SANTIAGO – The economy of Latin America and the Caribbean will expand by just 1.2 percent this year, according to the United Nations Economic Commission for Latin America and the Caribbean (ECLAC), which sees the region growing a modest 1.7 percent in 2019.
A weak external context poses significant risk for the region going forward, the Santiago-based organization said Thursday in its final report of the year.
Although global growth is projected to come in at 3.2 percent, similar to last year’s figure, ECLAC expressed concern about world trade expansion that fell from 4.6 percent in 2017 to roughly 3.9 percent in 2018.
“Public policies are needed to strengthen sources of growth and cope with the scenario of uncertainty at a global level,” ECLAC Executive-Secretary Alicia Barcena said during the presentation of the report.
According to that UN commission, 2019 is likely to be a year in which global economic uncertainties will “intensify and arise from different fronts.”
Both developed and developing economies are forecast to suffer a slowdown in growth, while global financial markets are projected to experience increased volatility.
Trade tensions between the United States and China, meanwhile, are further aggravating a structural weakness in global trade.
But ECLAC said the biggest risk to the Latin American and Caribbean region remains “an abrupt deterioration in the financial conditions for emerging economies.”
“During 2018, emerging markets, including Latin America, showed a significant reduction in external financing flows, while at the same time sovereign risk levels increased and their currencies depreciated against the dollar.”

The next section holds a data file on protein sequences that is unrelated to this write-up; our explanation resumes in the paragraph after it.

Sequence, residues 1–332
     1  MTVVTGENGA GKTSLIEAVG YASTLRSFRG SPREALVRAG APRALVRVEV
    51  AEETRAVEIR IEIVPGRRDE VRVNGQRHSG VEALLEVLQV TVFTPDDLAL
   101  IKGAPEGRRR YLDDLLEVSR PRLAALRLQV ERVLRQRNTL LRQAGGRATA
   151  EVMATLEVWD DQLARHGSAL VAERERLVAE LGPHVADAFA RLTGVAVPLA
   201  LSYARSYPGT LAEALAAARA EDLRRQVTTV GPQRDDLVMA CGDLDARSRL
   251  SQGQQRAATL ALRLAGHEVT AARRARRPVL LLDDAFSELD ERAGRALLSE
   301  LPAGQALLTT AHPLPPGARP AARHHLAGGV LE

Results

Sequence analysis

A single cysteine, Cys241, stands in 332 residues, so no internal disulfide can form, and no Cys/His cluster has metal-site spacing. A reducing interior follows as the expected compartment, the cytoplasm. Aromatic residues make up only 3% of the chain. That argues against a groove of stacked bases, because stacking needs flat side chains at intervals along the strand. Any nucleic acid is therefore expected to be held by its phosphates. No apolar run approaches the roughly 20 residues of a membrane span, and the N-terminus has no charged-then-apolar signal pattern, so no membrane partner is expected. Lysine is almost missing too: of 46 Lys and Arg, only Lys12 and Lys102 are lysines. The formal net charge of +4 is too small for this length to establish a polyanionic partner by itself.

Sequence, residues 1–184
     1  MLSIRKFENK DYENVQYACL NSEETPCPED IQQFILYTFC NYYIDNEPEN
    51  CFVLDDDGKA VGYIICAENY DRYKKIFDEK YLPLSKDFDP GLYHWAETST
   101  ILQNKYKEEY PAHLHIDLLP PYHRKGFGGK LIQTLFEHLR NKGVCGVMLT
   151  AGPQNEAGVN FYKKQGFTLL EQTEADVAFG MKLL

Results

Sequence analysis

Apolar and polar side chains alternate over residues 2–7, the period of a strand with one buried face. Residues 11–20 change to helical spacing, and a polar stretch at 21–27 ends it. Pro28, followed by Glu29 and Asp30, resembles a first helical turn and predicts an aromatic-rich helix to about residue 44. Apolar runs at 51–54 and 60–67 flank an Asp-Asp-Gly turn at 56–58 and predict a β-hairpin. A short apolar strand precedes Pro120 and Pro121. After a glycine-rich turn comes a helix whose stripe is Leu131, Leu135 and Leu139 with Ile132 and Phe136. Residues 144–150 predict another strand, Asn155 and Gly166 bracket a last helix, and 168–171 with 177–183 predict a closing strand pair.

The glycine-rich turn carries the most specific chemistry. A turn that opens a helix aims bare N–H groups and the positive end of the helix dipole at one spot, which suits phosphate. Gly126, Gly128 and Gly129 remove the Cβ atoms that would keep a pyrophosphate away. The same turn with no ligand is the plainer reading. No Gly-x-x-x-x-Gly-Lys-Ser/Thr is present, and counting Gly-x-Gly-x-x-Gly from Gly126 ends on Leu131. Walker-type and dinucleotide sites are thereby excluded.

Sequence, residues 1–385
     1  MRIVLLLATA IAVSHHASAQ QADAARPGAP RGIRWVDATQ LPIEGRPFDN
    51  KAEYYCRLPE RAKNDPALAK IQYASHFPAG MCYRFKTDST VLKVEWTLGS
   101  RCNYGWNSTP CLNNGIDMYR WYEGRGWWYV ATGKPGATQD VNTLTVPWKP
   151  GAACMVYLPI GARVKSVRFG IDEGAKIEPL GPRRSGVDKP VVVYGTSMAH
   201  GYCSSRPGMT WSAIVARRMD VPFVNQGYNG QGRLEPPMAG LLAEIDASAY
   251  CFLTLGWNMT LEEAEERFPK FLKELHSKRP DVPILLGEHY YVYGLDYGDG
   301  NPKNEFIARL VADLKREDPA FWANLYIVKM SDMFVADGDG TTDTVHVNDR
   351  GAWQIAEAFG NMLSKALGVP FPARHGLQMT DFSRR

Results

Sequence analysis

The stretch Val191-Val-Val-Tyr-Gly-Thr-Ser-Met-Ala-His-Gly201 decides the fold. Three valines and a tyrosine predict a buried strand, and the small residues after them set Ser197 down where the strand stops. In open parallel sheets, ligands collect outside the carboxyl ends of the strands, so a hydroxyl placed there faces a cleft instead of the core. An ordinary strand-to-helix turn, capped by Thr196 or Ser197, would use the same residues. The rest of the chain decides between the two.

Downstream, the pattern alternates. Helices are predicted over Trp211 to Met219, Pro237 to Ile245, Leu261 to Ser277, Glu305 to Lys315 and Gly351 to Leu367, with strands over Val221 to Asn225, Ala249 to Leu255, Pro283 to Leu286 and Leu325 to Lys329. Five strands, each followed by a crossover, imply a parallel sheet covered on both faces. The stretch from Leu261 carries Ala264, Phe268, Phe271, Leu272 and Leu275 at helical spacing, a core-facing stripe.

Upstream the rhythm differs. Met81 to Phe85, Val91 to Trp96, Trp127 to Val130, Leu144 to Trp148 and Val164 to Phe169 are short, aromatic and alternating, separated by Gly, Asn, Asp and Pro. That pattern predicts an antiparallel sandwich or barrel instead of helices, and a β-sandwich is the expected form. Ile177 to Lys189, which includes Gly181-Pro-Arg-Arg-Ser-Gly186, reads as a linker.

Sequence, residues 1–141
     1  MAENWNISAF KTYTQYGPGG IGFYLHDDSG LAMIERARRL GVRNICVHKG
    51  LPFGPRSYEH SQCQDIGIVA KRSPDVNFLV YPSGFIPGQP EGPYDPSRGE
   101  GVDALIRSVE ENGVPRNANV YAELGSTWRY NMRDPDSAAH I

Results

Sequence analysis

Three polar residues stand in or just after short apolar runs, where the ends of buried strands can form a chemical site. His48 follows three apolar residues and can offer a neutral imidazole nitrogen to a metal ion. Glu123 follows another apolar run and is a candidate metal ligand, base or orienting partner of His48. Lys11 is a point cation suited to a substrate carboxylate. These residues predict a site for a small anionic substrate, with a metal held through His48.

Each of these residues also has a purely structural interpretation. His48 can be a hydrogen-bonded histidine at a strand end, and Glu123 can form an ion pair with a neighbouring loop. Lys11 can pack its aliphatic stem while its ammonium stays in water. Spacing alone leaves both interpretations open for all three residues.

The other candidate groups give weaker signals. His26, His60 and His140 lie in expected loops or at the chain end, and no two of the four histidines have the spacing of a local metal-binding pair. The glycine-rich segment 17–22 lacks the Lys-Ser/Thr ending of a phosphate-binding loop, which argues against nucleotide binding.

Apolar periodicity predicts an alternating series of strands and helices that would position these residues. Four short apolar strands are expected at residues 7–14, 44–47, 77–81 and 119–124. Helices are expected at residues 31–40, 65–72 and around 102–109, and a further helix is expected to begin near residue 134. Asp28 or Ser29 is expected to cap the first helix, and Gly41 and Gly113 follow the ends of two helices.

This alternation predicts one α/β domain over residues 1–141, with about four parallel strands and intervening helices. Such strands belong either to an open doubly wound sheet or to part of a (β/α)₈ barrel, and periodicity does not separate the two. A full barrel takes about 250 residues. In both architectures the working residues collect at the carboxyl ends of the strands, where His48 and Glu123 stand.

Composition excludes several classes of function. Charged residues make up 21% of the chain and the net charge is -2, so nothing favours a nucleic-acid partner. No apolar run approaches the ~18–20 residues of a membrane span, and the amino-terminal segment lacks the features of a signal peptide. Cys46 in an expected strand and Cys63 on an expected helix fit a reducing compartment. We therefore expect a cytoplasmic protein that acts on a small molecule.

“New episodes of deterioration in future financial conditions cannot be discounted,” ECLAC said, adding that “the consequences for countries will depend on how exposed they are in terms of their external financing needs and profiles.”
The region’s best performing countries in 2018 were the Dominican Republic (6.3 percent growth), Antigua and Barbuda (5.3 percent), Grenada (5.2 percent), Bolivia (4.4 percent), Panama (4.2 percent), Paraguay (4.2 percent) and Chile (3.9 percent).
The worst performers were Venezuela, whose gross domestic product (GDP) declined by 15 percent, Dominica (-4.4 percent), Nicaragua (-4.1 percent) and Argentina (-2.6 percent).
In 2019, ECLAC expects Dominica to continue to rebound from the devastation of Hurricane Maria and grow by a region-high 9 percent and for the economies of the Dominican Republic and Panama to expand by 5.7 percent and 5.6 percent, respectively.
Venezuela, which has been racked by a severe economic crisis for years, is forecast to contract by a region-worst 10 percent next year, while Nicaragua (-2 percent) and Argentina (-1.8 percent) also are expected to remain in recession.